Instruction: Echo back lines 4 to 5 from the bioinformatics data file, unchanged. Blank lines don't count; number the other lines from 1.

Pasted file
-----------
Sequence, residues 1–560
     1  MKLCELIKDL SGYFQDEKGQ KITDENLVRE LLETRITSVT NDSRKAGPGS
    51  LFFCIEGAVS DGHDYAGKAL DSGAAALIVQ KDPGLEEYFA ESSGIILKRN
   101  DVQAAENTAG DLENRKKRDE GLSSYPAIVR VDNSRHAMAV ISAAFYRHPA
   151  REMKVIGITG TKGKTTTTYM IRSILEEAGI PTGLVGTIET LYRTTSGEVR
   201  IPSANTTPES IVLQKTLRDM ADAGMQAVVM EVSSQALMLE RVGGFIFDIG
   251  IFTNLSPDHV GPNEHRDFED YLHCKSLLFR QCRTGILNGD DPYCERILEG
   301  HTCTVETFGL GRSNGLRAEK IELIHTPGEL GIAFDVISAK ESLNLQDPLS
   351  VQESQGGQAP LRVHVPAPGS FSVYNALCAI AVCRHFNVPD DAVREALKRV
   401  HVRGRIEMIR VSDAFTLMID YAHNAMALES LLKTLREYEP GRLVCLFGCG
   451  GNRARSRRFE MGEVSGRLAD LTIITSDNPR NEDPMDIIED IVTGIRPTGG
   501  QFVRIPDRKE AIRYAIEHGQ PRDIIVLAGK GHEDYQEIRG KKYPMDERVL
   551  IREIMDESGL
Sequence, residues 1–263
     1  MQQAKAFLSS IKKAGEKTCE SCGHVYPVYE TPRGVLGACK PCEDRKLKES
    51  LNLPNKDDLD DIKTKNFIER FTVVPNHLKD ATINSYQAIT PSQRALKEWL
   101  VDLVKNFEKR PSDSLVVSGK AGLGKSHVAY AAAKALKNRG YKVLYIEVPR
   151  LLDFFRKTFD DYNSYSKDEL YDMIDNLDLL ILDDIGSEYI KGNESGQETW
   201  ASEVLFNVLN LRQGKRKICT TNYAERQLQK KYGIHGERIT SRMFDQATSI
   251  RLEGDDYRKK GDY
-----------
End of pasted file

   101  DVQAAENTAG DLENRKKRDE GLSSYPAIVR VDNSRHAMAV ISAAFYRHPA
   151  REMKVIGITG TKGKTTTTYM IRSILEEAGI PTGLVGTIET LYRTTSGEVR